How do you express your love for your partner?  Are you proud of the ways in which you engage when things are both joyous and difficult?  Is there a part of you that knows you could do things more loving or more thoughtfully?  How do you hold a container, or space, for your partner?  Allow me to explain what I mean.

In a lot of modern psychology we speak of holding a container, or holding space for another.  Basically, what this really means is:  How much openness do you give your partner to be themselves before you bring your expectations and comforts into the equation. Before your emotions overpower your compassion and empathy for their actions.  Let me give an example:  Your partner is a high-stressed person.  To you, when they fall into these pits of anxiety, you often feel like they are disconnected from you because they are wrapped up in their mind’s thoughts.  How big of a space are you able to offer your partner, where you set aside your personal emotions and needs, to offer them your compassion and empathy for what has triggered them to have this anxiety?  Are you able to set aside your needs to lovingly listen to what it is that is causing them the anxiety, rather than expressing what it is you are lacking?  The more you can do this, the larger the container, or space, you are offering your partner of acceptance and, ultimately, genuine love.

Perhaps this is a new concept to you?  That’s alright, it was to me too before I started studying transformation.  I think we all have a level that we have been conscious of as far as setting aside our own needs, but we’ve never tethered the idea of coupling that with our acceptance and compassion for our partner.  It’s really quite beautiful, and dare I say, eye opening, when we are able to look at this from this new perspective.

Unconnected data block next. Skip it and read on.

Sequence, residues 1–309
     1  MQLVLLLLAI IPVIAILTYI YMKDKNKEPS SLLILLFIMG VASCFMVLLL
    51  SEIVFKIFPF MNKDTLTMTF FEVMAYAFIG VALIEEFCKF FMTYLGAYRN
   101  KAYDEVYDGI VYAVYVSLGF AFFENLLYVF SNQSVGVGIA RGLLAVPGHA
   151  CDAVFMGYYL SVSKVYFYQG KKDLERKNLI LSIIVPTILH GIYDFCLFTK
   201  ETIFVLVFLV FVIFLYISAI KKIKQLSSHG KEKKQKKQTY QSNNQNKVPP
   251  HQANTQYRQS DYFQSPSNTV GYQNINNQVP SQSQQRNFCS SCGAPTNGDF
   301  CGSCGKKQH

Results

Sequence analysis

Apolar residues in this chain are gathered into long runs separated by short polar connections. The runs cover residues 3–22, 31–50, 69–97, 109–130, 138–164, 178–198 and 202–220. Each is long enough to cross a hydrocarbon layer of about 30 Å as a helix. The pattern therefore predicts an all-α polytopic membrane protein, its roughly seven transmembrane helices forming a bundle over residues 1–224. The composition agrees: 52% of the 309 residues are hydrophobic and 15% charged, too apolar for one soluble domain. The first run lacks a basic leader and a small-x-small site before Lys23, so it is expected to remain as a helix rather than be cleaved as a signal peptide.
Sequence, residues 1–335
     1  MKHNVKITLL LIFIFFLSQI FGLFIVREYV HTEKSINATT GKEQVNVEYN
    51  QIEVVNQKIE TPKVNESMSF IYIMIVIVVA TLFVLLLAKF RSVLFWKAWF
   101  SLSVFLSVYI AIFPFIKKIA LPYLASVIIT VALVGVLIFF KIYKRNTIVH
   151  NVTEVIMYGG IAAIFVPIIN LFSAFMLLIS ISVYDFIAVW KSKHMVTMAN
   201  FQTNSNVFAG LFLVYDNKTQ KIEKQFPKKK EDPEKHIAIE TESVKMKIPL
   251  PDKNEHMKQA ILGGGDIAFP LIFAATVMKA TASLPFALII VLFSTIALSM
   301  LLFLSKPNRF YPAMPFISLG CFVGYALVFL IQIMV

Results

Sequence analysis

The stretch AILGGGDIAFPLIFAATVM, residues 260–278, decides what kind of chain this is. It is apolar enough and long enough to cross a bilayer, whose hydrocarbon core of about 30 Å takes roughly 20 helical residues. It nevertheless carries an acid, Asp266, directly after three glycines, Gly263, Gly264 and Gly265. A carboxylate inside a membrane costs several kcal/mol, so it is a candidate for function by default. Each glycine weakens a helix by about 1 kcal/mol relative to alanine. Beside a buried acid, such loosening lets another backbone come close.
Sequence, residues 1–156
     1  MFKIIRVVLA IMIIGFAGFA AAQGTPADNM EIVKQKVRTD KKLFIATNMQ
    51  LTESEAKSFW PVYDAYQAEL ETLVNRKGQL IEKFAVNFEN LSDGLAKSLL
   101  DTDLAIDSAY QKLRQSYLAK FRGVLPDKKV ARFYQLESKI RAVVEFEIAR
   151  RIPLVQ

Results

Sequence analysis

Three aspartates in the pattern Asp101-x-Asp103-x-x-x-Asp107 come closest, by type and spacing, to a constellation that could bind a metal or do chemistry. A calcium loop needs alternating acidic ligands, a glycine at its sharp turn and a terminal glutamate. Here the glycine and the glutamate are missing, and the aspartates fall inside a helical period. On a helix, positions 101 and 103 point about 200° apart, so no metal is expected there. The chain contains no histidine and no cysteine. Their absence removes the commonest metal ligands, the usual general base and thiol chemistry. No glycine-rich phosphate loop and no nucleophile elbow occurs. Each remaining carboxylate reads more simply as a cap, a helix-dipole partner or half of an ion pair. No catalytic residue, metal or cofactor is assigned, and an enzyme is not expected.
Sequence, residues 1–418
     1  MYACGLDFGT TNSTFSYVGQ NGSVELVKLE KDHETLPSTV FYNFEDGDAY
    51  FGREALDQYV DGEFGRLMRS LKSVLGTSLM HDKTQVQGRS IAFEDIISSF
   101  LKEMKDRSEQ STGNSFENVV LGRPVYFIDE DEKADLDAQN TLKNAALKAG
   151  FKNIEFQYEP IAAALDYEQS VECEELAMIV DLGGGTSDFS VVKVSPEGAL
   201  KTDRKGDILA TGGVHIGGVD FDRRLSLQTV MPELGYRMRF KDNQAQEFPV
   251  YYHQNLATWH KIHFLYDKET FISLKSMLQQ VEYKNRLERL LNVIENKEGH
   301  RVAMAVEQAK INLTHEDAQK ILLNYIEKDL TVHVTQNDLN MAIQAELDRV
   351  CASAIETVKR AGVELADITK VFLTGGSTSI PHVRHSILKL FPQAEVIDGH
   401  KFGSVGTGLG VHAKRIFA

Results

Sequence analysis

I’d like to jump in here and say: this is also where the safety that this container creates is allowing for the vulnerability needed to share openly together what it is that is creating the responses in your partner that then stirs our compassion and empathy.  It’s a circular concept.  The more space we can offer our partner, the more open they feel they can safely be vulnerable, the more love and compassion we feel for them, and thus the more space we create within ourselves to set aside our own needs and emotions to hold a greater offering of our love.  It’s very powerful, and thus we can take this concept beyond just our intimate partner, but also that of our family, friends, and dare I say, even strangers.

Learning how to hold our emotions and needs at bay is truly a skill set, I believe.  It takes practice and genuine effort.  Garnering that sense of control for what fulfills us, and insisting what is “lacking” from another, we are willing to seek within ourselves, in order to offer a larger container to another.  It’s not always easy to do!  Some personal needs feel dire, and some emotions are excessively strong.  Let’s pause here for a second and reflect on this.  What is creating these strong needs and triggered emotions within us, as an individual, that we feel the need to “correct” those around us in order to have them fulfilled?  This is where our childhood beliefs come in to play.  Obviously, I share with you a great deal about the power of beliefs, but this is another key place where true emotional tools, as well as self-healing, can help us to align more to the life we want, and the person we desire to be when we look in the mirror.

What I would encourage is to start simple.  Notice when you start to feel like your needs are not being met, or when your partner’s actions stir in you uncomfortable emotions.  Notice what your initial reaction wants to be.  Do you want to lash out? Victimize yourself? Shame or blame your partner? What happens if you simply sit with those emotions? What happens when you lean into them to discover where they may be coming from within your body and mind? What can you uncover about yourself?  What can you hold within to offer more space outwardly to another?

I believe that this is what healthy love looks like.  I believe that when we trust in ourselves, and the source of life, to fulfill that which we sense is lacking, as opposed to asking for it, consciously or unconsciously, from another, that this is when we discover what it is to truly hold a container, or a space, of acceptance and love for another.

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